Aug 9, 2018
Calcium’s role in potato quality, production

Calcium plays an important role in the growth and development of plants. Cell membrane health is very crucial to the survival and health of the plant cell. The health of the cell membranes can only be maintained in the presence of sufficient Ca around the membranes. Calcium is also an integral part of the cell wall where it provides stable but reversible intra-molecular linkages between pectin molecules, resulting in cell wall rigidity. In addition, calcium is known to act like a hormone, thus regulating many growth and developmental processes in plants.

Calcium in plants moves with water and tubers are naturally deficient in calcium

Tubers are botanically a stem tissue. As compared to the above-ground stem portion of the plant, tubers contain very little calcium. Transpiration is the main driving force for calcium transport in plants. Calcium therefore moves along with water in the xylem. Low-transpiring organs such as fruits and tubers are known to suffer from Ca deficiency. Potato tubers, being surrounded by moist soil, will have much less transpiration than above-ground parts of the plant. Consequently, low-transpiring tubers accumulate much less calcium than leaves and above ground stems. Deficiency of calcium in tuber tissue is even greater for potatoes grown in sandy soil because of the very low level of water soluble Ca in these soils. Moreover, with irrigation and rain, the water-soluble Ca is often leached from the hill. Thus, the soil surrounding the tubers will contain very low soluble calcium, especially during the mid and late part of the season when tubers develop.

Tubers get calcium from the surrounding soil via tiny roots on the tubers and stolons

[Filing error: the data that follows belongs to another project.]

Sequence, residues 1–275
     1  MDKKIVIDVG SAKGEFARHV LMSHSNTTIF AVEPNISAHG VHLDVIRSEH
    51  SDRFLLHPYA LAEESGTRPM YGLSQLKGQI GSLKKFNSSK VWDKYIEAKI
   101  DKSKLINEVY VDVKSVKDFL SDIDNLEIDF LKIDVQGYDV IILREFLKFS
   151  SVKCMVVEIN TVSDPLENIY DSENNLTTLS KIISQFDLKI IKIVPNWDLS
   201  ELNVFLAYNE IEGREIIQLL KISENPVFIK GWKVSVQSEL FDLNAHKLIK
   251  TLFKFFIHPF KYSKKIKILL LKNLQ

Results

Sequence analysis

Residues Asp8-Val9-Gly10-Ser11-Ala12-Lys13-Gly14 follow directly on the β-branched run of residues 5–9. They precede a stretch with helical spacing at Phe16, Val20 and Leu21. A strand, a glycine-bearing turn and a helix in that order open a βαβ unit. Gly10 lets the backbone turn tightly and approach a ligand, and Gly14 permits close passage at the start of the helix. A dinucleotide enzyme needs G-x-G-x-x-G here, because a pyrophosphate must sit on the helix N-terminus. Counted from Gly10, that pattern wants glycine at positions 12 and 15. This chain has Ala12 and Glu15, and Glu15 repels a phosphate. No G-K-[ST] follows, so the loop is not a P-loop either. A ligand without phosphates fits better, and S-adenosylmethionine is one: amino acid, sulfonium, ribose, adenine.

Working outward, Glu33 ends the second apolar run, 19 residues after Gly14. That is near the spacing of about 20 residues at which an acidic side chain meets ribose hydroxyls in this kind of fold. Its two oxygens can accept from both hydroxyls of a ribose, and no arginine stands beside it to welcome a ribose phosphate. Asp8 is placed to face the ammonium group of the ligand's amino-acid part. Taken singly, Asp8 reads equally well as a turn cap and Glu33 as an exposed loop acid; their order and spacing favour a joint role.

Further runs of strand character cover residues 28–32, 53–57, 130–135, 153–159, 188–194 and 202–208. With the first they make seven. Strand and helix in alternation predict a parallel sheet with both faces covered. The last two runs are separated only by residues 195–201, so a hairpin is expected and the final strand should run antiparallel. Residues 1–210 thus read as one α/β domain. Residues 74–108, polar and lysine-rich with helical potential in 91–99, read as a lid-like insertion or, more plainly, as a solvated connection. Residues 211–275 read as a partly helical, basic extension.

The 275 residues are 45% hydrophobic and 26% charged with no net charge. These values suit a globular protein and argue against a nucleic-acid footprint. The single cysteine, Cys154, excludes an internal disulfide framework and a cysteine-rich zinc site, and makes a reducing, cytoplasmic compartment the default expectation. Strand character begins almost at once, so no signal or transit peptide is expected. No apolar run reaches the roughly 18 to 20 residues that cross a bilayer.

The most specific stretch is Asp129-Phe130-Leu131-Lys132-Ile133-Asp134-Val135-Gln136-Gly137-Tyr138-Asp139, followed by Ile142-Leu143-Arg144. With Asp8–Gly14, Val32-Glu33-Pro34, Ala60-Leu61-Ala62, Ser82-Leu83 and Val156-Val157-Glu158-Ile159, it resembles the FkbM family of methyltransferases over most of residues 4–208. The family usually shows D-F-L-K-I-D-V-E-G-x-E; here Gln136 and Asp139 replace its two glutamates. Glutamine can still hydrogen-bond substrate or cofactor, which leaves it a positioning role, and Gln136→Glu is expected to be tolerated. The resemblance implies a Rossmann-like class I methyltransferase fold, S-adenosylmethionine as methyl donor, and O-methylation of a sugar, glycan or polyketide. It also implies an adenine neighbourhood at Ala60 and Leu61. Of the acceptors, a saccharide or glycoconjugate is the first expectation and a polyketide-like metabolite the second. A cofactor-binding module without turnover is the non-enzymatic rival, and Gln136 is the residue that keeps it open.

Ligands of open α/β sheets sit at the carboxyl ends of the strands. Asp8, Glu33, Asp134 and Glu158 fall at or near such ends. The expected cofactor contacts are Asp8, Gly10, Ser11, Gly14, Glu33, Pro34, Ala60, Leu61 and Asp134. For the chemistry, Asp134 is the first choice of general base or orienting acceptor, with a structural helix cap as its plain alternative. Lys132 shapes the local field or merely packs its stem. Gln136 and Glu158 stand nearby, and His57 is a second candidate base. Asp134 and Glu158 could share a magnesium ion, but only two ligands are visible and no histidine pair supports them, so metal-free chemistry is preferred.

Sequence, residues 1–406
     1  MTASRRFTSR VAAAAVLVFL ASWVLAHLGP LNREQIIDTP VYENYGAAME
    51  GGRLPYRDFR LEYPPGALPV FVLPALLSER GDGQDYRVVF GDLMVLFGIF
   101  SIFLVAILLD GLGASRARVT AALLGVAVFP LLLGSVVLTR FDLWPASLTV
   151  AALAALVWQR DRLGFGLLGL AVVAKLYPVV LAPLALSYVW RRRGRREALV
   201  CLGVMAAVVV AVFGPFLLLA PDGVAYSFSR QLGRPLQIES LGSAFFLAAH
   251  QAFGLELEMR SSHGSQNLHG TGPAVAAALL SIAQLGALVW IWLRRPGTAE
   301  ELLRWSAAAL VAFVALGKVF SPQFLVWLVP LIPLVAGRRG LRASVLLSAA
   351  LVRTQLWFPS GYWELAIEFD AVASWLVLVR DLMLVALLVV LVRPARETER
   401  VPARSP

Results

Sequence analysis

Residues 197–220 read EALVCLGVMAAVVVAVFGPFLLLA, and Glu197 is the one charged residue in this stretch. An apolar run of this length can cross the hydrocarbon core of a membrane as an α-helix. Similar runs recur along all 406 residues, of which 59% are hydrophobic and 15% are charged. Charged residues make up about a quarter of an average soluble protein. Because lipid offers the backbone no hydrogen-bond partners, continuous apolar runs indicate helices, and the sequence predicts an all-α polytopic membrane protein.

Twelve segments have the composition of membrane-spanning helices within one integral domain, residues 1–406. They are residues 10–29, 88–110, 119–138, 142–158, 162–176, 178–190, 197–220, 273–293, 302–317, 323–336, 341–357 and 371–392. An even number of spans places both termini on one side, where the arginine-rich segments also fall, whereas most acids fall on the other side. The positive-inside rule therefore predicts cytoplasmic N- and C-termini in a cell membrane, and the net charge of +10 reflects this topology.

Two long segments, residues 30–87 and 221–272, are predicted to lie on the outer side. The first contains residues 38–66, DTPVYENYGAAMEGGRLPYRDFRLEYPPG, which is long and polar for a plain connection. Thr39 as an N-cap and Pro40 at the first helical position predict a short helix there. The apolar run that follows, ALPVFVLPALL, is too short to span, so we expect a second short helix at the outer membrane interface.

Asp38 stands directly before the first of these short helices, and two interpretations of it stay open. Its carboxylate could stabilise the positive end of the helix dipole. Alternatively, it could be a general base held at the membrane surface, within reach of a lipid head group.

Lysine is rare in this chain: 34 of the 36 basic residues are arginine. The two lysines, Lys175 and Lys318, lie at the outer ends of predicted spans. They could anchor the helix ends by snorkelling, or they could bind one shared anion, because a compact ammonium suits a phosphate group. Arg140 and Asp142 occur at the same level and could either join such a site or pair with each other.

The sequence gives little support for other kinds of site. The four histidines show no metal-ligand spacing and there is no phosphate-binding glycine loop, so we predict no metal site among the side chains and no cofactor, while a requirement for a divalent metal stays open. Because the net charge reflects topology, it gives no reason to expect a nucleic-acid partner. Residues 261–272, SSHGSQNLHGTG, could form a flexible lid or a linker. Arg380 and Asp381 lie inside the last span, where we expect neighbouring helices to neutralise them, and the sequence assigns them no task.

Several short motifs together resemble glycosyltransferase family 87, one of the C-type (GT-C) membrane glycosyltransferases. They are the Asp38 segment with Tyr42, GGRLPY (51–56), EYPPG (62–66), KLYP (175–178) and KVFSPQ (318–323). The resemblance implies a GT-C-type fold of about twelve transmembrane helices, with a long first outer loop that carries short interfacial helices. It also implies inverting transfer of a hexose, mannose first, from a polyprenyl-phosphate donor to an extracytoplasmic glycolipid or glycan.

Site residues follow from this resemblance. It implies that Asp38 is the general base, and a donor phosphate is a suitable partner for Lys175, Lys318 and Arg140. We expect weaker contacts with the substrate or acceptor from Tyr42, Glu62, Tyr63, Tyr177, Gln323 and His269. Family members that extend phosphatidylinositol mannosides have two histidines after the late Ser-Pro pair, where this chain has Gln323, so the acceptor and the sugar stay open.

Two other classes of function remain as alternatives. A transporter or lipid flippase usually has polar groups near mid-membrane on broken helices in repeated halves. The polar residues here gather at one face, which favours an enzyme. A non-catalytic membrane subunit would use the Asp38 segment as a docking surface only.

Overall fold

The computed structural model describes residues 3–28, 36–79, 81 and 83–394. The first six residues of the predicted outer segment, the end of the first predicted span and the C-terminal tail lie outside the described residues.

Since tubers are surrounded by relatively moist soil, they cannot compete with leaves for transpirational water uptake. Tubers have to rely on the roots that are in their close proximity (tuber roots, tuber– stolon junction roots, and stolon roots) to transport water from the soil. Since calcium moves in the xylem along with the water, it follows that potato tubers must transport calcium from the soil in their close proximity. That means that both placement and timing of calcium fertilizer important to enhance tuber calcium.

Most effective way to enhance tuber calcium is to deliver water-soluble calcium fertilizer by feeding into the irrigation line

Since tubers develop during the mid to late part of the season, it would be important to add supplemental calcium during tuber bulking, which is very critical in sandy soils. Due to low moisture holding capacity, sandy soils are often irrigated 2–3 times a week. Thus, the top portion of the hill is continuously washed by the irrigation and rain with water, moving soluble nutrients to the lower portion of the hill. These nutrients remain accessible to vegetative growth via the main root system. However, the tubers developing during late season will not have access to these nutrients via the tuber and/or stolon roots.

Therefore, an effective way to enhance soluble calcium in the hill is to deliver liquid calcium fertilizers through the irrigation water during the tuber bulking period. Liquid fertilizers containing either calcium nitrate or calcium chloride as a source of calcium are available. In most of our studies at the University of Wisconsin, we used about 100-150 lbs of calcium per acre, which was applied in three or four split applications (2-3 week intervals) starting at tuber initiation stage. When a calcium source contains N, such as calcium nitrate, the N application should be adjusted to get the desired total N for the season.